Farmer Protests – Deep Singh

 

Some of the world’s largest protests are taking place in support of farmers in India.  Whether in Delhi, San Francisco or Paris people have gone to the streets to show solidarity with the small farmers in India who are losing essential government support. To generate global awareness of the farmers’ fate,  Sikhs in California have brought tractors, trucks, friends and their voices to public rallies that have filled the Bay Bridge and circled government buildings. The Executive Director of the Jakara Movement, Deep Singh shares the reasons and methods being used to enlist

the public to the cause.  Deep’s family is from Punjab and he was raised in the Central Valley of California. Educated at UCLA and Johns Hopkins University, Deep’s commitment and passion to social, racial, and class justice has helped shape his view of the world.  #Farmer Protests  will  find news and events from all over the world.  www.jakara.org

Bounty, Peril & Politics – Tom Philpott

 

When once again safe to travel through farm country, the bounty of the food system  will be evident.  So are the perils resulting from misdirected political power.  Tom Philpott, author, podcaster and Mother Jones reporter wrote Perilous Bounty to draw attention to the promise and the peril of farm policy and practices that are often not good for farms or consumers. However an encouraging sign appeared just after the podcast conversation when Rep. David Scott became the first black Chairman of the House Agriculture Committee who (as Tom has reported) recognizes the urgencies of addressing climate change: “With each wildfire, hurricane, or flood more devastating than the last, it is incumbent upon us to ensure food security for future generations…The threat of climate change is a present and growing danger, and we must promote sustainable agriculture solutions that are economically viable, ecologically just, and support the social fabric of our rural communities.” David Scott

hope.https://www.motherjones.com/author/tom-philpott/

 

Working for Peanuts – Erin Sastre & Tyler Towne

 

Masked or not, face to face marketing can’t be beat; because  wherever you are in the food chain it is best to have direct contact with customers.  Erin Sastre and Tyler Towne are literally doing that for Planters Peanuts as they drive a giant peanut thousands of miles back and forth across the country. On a bright Fall morning we find them in front of the Zoo where families come to see them and their Peanut Mobile.  They find the “Peanutters” , safely masked, and offering nut packs, information and friendliness to everyone who accidentally found them or had heard they were in town from local media or their website, PlantersNUTmobile.com.  Although 2020 has been beyond challenging for  direct contact between farmers, manufacturers, distributors, retailers, restaurants and consumers. Safely done, it is important and these Peanutters share that magic with Farm To Table Talk. @PlantersNutmobile.com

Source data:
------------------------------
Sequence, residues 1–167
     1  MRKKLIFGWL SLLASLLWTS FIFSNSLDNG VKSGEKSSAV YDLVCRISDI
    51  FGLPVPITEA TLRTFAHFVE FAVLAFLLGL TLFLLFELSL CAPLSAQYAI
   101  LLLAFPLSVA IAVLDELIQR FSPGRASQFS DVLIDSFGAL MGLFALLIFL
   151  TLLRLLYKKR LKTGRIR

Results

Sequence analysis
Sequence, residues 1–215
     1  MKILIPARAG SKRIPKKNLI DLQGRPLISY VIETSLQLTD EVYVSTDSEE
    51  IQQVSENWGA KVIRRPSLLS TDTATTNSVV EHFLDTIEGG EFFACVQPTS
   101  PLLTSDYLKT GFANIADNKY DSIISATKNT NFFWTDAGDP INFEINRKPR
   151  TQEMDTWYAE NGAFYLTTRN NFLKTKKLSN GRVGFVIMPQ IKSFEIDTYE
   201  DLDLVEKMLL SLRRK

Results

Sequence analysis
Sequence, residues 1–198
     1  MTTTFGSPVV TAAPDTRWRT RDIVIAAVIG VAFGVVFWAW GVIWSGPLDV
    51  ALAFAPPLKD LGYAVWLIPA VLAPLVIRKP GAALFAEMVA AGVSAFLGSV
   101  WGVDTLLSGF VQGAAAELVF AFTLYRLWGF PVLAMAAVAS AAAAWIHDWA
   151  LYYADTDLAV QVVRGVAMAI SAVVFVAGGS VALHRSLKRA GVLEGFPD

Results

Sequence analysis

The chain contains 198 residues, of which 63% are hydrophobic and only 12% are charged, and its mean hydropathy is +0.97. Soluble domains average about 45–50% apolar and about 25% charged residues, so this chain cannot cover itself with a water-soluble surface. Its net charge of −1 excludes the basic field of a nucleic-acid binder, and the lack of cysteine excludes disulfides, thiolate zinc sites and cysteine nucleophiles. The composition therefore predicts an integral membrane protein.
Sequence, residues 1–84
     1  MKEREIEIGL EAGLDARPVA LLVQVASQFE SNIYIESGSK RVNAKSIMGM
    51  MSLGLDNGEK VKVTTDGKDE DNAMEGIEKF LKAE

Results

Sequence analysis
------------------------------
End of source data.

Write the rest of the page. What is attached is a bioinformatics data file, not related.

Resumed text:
Half Story Half Food All Good – Chef Rob Connoley

 

The story of a place has to include the story of it’s food: what was grown and what they ate. Taking that to heart, the owner Chef of Bulrush Restaurant in St. Louis, Rob Connoly, is finding a delicious way to share the story of a special place with special food traditions from the Ozarks.  Rob is establishing the Ozark foodway by resurrecting ingredients, practices and recipes of the past. He’s doing so through foraging, hunting, farming and creating extensive partnerships with organizations including the Seed Savers Exchange, Danforth Plant Science Center, St. Louis Archivist Association, and the Osage Nation Historic Preservation Office. Guests dining at his restaurant have an opportunity to try unique cuisine often from before the Civil War with ingredients such as paw paws, cattails and acorns.  New technologies accompany the old ingredients with video stories of each course provided to guests before dinner through QR code links. Dinner with Chef Rob Connoly is half story, half food and all good!   www.bulrushstl.com

Poor Air Poor Nutrition Poor Us – Dr. Kristie Ebi

 

Climate change effects will go way beyond receding coasts and shrinking farm  regions to to include the quality of air that plants need to produce nutritious foods. When carbon levels in the air increase, the nutrition from foods will decline by up to 30%, severely impacting human health.  Dr. Kristie Ebi  is the Founding Director of CHanGe, the Center for Health and The Global Environment at the University of Washington. She works to highlight the role of health and wellbeing in climate action and to facilitate climate resilience in the health sector.  So far the public worries about “carbon” have been it’s effect on creating a green house around the earth but the increased levels of carbon in the air that we and our crops breathe matters too. Our table talk leads us to understand that “feeding the world” is much more than just sufficient calories when nutrient content is depleted. http://fgobalchange.uw.edu